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July 25, 2016

eBay and Google Team Up: How it Impacts You

Image courtesy of [rajcreationzs ] / FreeDigitalPhotos.net

“Initially, AMP was primarily tuned for publishing-based content, but it has much promise in the ecommerce world.”

— Senthil Padmanabhan, principal Web engineer at eBay

Several years before Amazon.com came into existence, eBay was the premier eCommerce platform for sellers of just about anything. Since Amazon’s rise to complete ubiquity and digital retail dominance, however, eBay has been playing second fiddle. Things have not been looking too optimistic over at the eCommerce website — earlier this year the company’s stock fell a full 13 percent after publishing its disappointing fourth quarter 2015 results. Despite recent struggles, eBay is far from throwing in the towel. At the end of June, the company announced that it would team up with one of the most powerful forces on the Web: Google.

Through the news section of its website, eBay announced that it is “. . .working on delivering faster mobile browsing experiences leveraging the open source AMP Project.” For those who are unfamiliar, Google’s Accelerate Mobile Pages Project is a method of delivering mobile content at lightning speed and optimizing experiences for small screen devices.

eBay revealed that pages discovered and visited from Google search will enhance the speed for those item listings, and that moving forward, the company is aiming to achieve “. . .full-fledged e-commerce experience in AMP.” 

That is exactly what they are doing. There are currently about eight million eBay pages leveraging AMP, and many more on the way.

One of the main reasons for eBay’s AMP adoption is mobile’s rise as the site’s fastest growing sector. This should come as no surprise considering that mobile use is growing in prominence around the world. As it stands, more than half of all Google searches across the world take place on a mobile device. Moreover, Business Insider predicts that 45 percent of eCommerce transactions will occur via mobile by 2020.

This integration with AMP technology is a wise move on eBay’s end; especially when you consider that mobile is still something of a Wild West environment, as eBay’s principal Web egineer, Senthil Padmanabhan, noted:

“Currently, when users click from a link on a mobile device, they are not sure what sort of experience they’re going to get. They may get a mobile optimized website, they might get a desktop-centric page, or they can get an ad that splashes right in the middle of the screen when not expected.”

He continued by saying, “When you build out pages with AMP you are consistently guiding users to a solid, fast user experience. Working with AMP includes leveraging best practices that ensure the best mobile Web experiences.”

Incorporating this technology into its platform sets the stage for eBay to eliminate many barriers from the current, somewhat clunky, mobile shopping experience: clicking wrong links due to undersized tabs, slow loading pages, and several other problematic format issues. Eradicating these impediments will help lead to a higher level of traffic and conversions.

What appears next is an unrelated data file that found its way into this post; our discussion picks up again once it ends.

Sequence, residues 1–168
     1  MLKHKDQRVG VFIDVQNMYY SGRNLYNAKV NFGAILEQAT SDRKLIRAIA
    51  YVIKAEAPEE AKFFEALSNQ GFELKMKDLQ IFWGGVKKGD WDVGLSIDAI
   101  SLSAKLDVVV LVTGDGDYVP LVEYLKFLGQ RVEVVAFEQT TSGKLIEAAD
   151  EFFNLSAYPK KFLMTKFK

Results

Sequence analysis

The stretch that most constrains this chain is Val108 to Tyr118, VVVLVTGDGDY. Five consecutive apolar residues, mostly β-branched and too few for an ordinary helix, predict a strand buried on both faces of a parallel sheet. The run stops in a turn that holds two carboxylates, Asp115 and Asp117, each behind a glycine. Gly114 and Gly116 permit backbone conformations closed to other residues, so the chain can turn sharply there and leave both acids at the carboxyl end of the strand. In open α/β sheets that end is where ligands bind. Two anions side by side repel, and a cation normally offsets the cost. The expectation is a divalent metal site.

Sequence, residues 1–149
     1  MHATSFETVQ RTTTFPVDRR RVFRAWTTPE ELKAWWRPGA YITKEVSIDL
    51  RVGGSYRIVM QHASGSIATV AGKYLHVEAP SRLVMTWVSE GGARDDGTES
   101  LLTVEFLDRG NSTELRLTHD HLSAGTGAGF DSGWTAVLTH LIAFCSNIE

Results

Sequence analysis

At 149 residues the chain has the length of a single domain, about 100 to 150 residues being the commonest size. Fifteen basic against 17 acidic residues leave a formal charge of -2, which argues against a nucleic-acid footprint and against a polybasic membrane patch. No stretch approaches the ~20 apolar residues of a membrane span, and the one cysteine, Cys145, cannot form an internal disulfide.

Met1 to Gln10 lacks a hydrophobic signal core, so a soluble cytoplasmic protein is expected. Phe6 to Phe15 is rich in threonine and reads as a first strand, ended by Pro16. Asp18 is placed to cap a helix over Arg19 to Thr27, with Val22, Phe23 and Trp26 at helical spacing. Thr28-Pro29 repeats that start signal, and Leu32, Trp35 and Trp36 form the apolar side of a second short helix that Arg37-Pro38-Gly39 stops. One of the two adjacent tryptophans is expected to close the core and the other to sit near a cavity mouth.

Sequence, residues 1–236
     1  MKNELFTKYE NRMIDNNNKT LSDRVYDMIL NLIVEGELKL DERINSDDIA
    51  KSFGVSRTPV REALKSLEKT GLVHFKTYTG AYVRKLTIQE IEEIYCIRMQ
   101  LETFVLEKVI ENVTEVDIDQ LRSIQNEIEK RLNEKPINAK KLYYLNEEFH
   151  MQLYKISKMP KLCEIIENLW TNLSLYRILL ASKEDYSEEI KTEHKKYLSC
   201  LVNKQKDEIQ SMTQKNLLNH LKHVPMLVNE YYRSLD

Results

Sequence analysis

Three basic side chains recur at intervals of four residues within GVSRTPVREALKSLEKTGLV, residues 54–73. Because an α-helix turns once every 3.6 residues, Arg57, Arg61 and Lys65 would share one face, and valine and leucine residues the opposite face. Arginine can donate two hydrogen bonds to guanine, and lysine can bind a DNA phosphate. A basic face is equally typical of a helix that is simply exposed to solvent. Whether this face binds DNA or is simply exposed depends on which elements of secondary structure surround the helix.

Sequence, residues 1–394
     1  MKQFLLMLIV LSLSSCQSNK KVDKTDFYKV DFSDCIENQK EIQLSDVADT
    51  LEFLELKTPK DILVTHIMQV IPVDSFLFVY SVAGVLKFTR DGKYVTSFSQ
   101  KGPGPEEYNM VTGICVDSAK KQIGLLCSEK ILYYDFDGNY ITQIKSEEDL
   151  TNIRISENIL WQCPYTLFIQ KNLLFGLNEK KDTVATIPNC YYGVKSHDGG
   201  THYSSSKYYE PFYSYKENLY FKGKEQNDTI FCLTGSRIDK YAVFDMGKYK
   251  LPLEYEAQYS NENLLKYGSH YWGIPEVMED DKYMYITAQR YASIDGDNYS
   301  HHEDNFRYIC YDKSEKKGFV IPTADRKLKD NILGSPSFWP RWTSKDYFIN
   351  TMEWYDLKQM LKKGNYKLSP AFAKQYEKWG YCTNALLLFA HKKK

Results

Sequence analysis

As much as this assimilation will aid eBay’s efforts, it benefits Google just as much, if not more, by helping to keep more activity on the Google search engine and out of applications; an issue that the search phenom has been struggling with as of late.

While this is great news for both eBay and Google, what exactly does this alliance mean for small businesses across the Web?

AMP Tragedy?

With eBay integrating AMP into its platform, there is a good chance that more traffic will be driven to its site from places like Google. If your brand is currently selling products through eBay, then this is clearly good news. A boost in visibility can quite possibly lead to a boost in revenue. But if you are not selling merchandise on eBay, the news isn’t really that bad there either.

Google’s AMP Project is open source, which means that it is available for anyone to use. You can find the company’s HTML source code on its GitHub page for your business to leverage as well. While it may be challenging to compete with sites like eBay, your business is already competing with them, Amazon, and a myriad of others. Incorporating AMP into your platform, however, will potentially allow individuals to find your products easier, and compare prices with other outlets quickly and comfortably. If your advertised price is lower, they are more likely to shop on your site.

The same advantages that Senthil Padmanabhan mentioned for eBay can be equally gained by your company:

“The biggest benefit we get from leveraging AMP is that we improve experiences for users who come to eBay from external platforms such as Google, Twitter etc. We can give them a speed-optimized experience that gives them more context than they would otherwise have. They see relevant item listings very quickly and can make instant comparisons. Lots of users search for items in search engines, and many of them do so for price comparisons when they are in a physical store. Sometimes, when users are exploring products from a mobile device, they have a hard time getting the information they need because mobile networks can be slow. This is where AMP comes into play. It helps us to deliver a speed-optimized mobile browsing experience.”